Although former speaker of the Connecticut House of Representatives Christopher Donovan came up short in his run for Congress, the Hartford Courant reports that he’s being encouraged to campaign to be the next head of the state’s AFL-CIO. Donovan has a great prerequisite: he’s already involved in a serious scandal.
A few months before the Democratic primary, seven people were indicted by a federal grand jury for conspiracy in directing illegal campaign contributions to Donovan. Among those were Donovan’s campaign manager and long-time aide, his finance director, and a union leader. According to the Wall Street Journal:
Prosecutors also disclosed that Ray Soucy, a former union official and a key figure in the probe, pleaded guilty Tuesday to conspiracy charges in the scheme, which supplied straw donors with cash so they could write checks to Mr. Donovan’s campaign committee.
In exchange, according to court documents, Mr. Soucy assured the co-conspirators that Mr. Donovan would kill legislation to close a loophole allowing roll-your-own tobacco shops to avoid collecting cigarette taxes. The bill didn’t come up for a vote in the state Legislature.
Since his defeat, not much has been heard from Donovan. And although he has not been accused of wrongdoing, the swirling scandal around him is par for the course for union officials.
In Minnesota, a father-son duo has been accused by the International Teamsters of embezzlement, bank fraud, racketeering, and other financial crimes. Bradley Slawson Sr. and Bradley Slawson Jr. of Local 120 are currently on unpaid leave from the union. The pair is said to have received payments from a Teamsters-owned bar — payments adding up to $140,000 between the two of them. Another teamster, Todd Chester, helped to coordinate those payments from the bar and has also been charged. Chester, described in the Star Tribune as “a family friend of the Slawsons” and “the father of one of Slawson Sr.’s grandchildren,” also received a questionable finder’s fee of $90,000 for the construction of a new union hall. The Star Tribune reported in December that the Independent Review Board (IRB) report included an “unsettling allegation… that one of the bar managers wanted to hold a fundraiser for a ‘nonexistent fake sick baby’ and direct the funds instead to a bar the union owns in Fargo.” The bar, the Teamsters Club in Fargo, North Dakota, hosted a victory party for Democratic now-Senator Heidi Heitkamp.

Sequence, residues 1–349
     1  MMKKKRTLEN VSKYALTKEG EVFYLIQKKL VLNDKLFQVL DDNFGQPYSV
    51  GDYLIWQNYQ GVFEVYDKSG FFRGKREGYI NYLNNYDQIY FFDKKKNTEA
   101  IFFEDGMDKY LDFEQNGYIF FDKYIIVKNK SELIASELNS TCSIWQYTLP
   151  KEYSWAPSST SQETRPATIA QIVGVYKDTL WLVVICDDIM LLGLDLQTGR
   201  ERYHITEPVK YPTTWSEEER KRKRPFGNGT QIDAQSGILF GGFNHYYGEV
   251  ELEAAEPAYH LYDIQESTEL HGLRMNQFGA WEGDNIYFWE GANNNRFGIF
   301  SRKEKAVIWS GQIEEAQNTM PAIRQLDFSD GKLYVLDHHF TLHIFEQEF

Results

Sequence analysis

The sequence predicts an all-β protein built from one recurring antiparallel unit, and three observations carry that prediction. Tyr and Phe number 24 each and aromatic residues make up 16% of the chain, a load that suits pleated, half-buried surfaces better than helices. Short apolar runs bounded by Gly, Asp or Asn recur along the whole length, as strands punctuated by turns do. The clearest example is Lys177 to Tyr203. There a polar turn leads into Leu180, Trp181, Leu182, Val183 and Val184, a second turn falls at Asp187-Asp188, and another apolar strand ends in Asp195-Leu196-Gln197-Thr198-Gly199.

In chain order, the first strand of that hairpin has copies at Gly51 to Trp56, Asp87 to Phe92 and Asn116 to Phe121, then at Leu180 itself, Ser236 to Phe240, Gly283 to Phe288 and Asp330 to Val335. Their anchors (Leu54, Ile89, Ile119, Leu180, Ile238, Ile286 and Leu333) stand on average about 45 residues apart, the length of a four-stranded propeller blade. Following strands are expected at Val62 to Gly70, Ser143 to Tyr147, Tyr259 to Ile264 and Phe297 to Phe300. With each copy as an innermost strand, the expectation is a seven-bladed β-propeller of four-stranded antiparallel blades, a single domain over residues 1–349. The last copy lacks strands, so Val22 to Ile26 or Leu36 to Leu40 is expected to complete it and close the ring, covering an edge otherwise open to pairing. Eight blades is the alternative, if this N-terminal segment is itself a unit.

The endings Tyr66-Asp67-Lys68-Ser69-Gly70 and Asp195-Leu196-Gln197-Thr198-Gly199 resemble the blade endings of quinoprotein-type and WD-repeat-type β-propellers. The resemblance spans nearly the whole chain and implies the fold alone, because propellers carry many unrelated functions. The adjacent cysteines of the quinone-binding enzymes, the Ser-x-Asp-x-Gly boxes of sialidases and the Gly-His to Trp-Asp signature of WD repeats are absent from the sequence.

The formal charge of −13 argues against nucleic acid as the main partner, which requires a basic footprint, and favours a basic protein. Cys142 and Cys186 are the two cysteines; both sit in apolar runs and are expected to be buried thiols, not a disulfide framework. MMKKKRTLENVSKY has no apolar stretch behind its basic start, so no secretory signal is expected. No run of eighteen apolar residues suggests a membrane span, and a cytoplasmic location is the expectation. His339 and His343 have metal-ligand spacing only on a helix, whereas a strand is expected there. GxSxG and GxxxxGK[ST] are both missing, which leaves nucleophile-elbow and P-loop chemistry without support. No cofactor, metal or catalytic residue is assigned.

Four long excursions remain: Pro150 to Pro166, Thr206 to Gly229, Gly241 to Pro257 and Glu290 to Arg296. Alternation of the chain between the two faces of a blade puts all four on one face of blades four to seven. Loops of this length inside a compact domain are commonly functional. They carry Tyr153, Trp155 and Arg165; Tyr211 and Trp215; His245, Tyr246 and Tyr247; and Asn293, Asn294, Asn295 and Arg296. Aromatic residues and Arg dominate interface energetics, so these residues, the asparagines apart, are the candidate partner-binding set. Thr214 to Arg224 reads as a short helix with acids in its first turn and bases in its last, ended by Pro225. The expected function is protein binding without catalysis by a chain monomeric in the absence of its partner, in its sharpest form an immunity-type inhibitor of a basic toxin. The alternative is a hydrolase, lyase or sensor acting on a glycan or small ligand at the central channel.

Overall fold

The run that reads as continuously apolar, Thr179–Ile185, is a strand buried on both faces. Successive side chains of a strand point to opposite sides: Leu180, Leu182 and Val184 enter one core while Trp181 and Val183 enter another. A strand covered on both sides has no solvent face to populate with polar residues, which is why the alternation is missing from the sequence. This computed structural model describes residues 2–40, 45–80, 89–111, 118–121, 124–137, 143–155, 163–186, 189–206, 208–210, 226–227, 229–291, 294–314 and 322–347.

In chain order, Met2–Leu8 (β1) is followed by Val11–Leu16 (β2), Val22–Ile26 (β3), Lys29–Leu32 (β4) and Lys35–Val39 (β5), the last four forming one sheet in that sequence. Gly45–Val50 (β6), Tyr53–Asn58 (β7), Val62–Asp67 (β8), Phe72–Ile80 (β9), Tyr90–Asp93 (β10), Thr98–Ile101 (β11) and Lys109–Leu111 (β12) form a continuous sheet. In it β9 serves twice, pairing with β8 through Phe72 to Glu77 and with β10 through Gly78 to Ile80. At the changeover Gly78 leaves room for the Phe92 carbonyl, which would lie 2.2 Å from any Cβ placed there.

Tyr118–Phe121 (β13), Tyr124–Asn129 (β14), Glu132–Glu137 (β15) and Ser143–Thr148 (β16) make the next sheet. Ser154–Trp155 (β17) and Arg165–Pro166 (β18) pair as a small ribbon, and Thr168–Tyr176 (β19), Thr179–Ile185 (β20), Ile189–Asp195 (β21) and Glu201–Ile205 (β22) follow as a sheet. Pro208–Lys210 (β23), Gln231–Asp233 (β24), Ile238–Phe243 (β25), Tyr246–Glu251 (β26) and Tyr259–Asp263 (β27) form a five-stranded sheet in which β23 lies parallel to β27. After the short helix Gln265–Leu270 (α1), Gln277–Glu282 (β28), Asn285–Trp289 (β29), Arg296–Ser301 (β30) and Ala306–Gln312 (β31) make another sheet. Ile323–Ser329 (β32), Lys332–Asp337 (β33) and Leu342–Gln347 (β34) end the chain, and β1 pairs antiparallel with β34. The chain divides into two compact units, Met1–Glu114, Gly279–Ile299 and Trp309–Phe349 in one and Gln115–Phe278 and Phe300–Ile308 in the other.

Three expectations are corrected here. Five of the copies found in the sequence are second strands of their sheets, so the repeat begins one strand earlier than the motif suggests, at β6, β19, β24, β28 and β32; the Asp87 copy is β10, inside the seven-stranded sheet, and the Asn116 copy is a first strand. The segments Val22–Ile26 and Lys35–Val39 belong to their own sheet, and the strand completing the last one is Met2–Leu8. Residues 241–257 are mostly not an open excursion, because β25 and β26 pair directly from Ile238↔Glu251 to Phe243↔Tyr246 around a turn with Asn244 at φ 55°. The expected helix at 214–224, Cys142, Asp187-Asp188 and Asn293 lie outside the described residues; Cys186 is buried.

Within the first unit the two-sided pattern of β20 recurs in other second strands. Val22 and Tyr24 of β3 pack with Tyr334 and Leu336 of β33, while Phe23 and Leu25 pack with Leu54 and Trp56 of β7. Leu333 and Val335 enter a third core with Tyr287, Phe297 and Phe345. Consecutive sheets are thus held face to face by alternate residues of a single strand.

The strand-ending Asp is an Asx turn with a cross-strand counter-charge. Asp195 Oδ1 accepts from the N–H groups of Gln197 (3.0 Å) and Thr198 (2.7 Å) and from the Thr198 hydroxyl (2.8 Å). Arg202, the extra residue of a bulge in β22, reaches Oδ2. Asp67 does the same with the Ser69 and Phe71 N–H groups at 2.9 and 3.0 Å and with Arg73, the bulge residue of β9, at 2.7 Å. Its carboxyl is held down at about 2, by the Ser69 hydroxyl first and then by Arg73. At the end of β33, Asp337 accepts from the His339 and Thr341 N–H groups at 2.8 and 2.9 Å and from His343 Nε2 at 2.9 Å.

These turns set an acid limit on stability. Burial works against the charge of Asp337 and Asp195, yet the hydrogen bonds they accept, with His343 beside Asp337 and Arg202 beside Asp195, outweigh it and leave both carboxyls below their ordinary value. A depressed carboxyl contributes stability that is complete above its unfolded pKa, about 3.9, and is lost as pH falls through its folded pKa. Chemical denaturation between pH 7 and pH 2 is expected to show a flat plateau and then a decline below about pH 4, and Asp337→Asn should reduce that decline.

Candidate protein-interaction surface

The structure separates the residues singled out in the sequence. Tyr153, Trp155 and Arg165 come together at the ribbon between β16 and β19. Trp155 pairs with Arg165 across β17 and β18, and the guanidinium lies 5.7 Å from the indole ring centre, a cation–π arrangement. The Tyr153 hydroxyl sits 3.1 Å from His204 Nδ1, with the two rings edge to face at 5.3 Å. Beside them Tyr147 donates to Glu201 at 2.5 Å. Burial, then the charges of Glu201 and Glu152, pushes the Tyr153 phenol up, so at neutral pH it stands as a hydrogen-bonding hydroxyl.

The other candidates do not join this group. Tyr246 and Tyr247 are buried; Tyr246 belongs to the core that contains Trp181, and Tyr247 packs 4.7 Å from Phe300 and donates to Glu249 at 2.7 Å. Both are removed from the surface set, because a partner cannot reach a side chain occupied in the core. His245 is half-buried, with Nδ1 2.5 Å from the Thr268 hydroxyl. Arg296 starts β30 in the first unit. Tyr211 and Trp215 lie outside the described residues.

The Slawsons claim that this is just a “witch hunt” because the family broke away from Jimmy Hoffa Jr. in 2010. But this isn’t the first time the Slawsons have been in the news for misconduct. In 2009, the Department of Labor conducted an audit of Local 120’s records under its Compliance Audit Program (CAP) of the Labor-Management Reporting and Disclosure Act (LMRDA) and found that Slawson Sr.’s chapter committed recordkeeping and reporting violations. In 2000, a press release from Overnite Transportation Co. reveals that Slawson Jr. pled guilty to disorderly conduct charges for his actions at a strike of the company. The release says:
Slawson was found in contempt of court on May 8 for his self-admitted threats and coercion in connection with unrefuted claims that he struck one Overnite driver with a picket sign and locked another Overnite driver in a trailer while the driver was attempting to make a delivery at a customer’s facility. Slawson was ordered to keep away from Over[ni]te property and that of the trucking company’s customers for the purpose of assisting the union in any labor action against Overnite. He was also ordered to pay $500 to compensate Overnite for attorneys’ fees and costs.
Not surprisingly, Junior was also a big fan of EFCA.
Labor should go no further than its own backyard if it is looking to blame anyone for its declining numbers. Rampant crime and corruption are just line-items on the long list of reasons why organized labor slides deeper into irrelevancy.